Brittany knows she’ll get over it, she knows she’s strong. She can use the bathrooms at McKinley by herself now, and sometimes she writes stuff on the walls because she knows the janitors will trip up guys in the halls instead of glaring at her. But she still avoids the girl’s bathrooms. There’s being strong, and there’s being cruel.


Sam still flinches every time he hears a locker shut too hard, or when a car beeps at him, or when someone drops something. It makes him so mad. Not at the person or the sound or anything stupid like that. It makes him so fucking angry that he’s still not okay.

He should be okay.

Sam remembers that last year, for a while, Brittany didn’t talk. He didn’t know her so well, and he hadn’t really been around for much of that year, so he hadn’t known what to do. And besides, he’d been busy trying to make Mercedes fall back in love with him. He hadn’t thought about it much, besides sometimes trying out all his different nerd languages on her to see if she’d respond in one. But he knows that she gets it, when he wants to curl up on her bed with her and not have sex, just wants to be next to her and not talk. Sometimes he’ll pet her hair and she’ll talk to him in Cat, because she doesn’t know Na’vi or Elven well enough yet to be fully conversational (he’s taught her the important stuff: dirty words and how to say my name is Inigo Montoya, you killed my father. Prepare to die)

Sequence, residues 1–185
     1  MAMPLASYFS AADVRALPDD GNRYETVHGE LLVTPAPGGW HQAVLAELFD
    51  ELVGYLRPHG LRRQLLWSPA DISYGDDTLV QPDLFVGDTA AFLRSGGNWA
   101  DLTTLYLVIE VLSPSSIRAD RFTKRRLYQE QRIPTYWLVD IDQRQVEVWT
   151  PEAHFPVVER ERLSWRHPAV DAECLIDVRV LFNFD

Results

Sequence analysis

Sam knows that he should reach out to Blaine, who spent the whole lock down looking like he was about to stop his own heart before the shooter could, and that he should talk to Brittany about he tried to get to her, and that he should make sure that all the people who hadn’t made it to Glee yet (Tina, Sugar, Joe, the band kids, Brad…) know that even if they weren’t there they were there you know? He knows he should.

But he still spends too much time sitting in his desk, his hands curling and uncurling as he stares at the wall until his eyes hurt. He couldn’t do anything back then. He’d always thought that, when the time came, he could be a hero. He should have been able to save Brittany. He should have been able to find the shooter and make them stop. He should have been able to make the rest of them in the room feel better, because heroes aren’t just the ones who charge into the burning building. He should have at least not put them in more fucking danger.

Sam flinches at loud noises and stares at his wall and tucks himself into Brittany’s arms like maybe if he tries hard enough he can hide in her bones. He throws out his Blonde Chameleon costume.

(Months later, he finds out his mom saved it and he breaks down crying all over again. Not because he’s happy, although he is, or because he’s remembering, although he is. But because he’d forgotten that he’d done that, and he’d forgotten how he’d thought that he would never ever be better again as he stuffed it in the trash. And there is something magical in being able to realize that he was able to forget)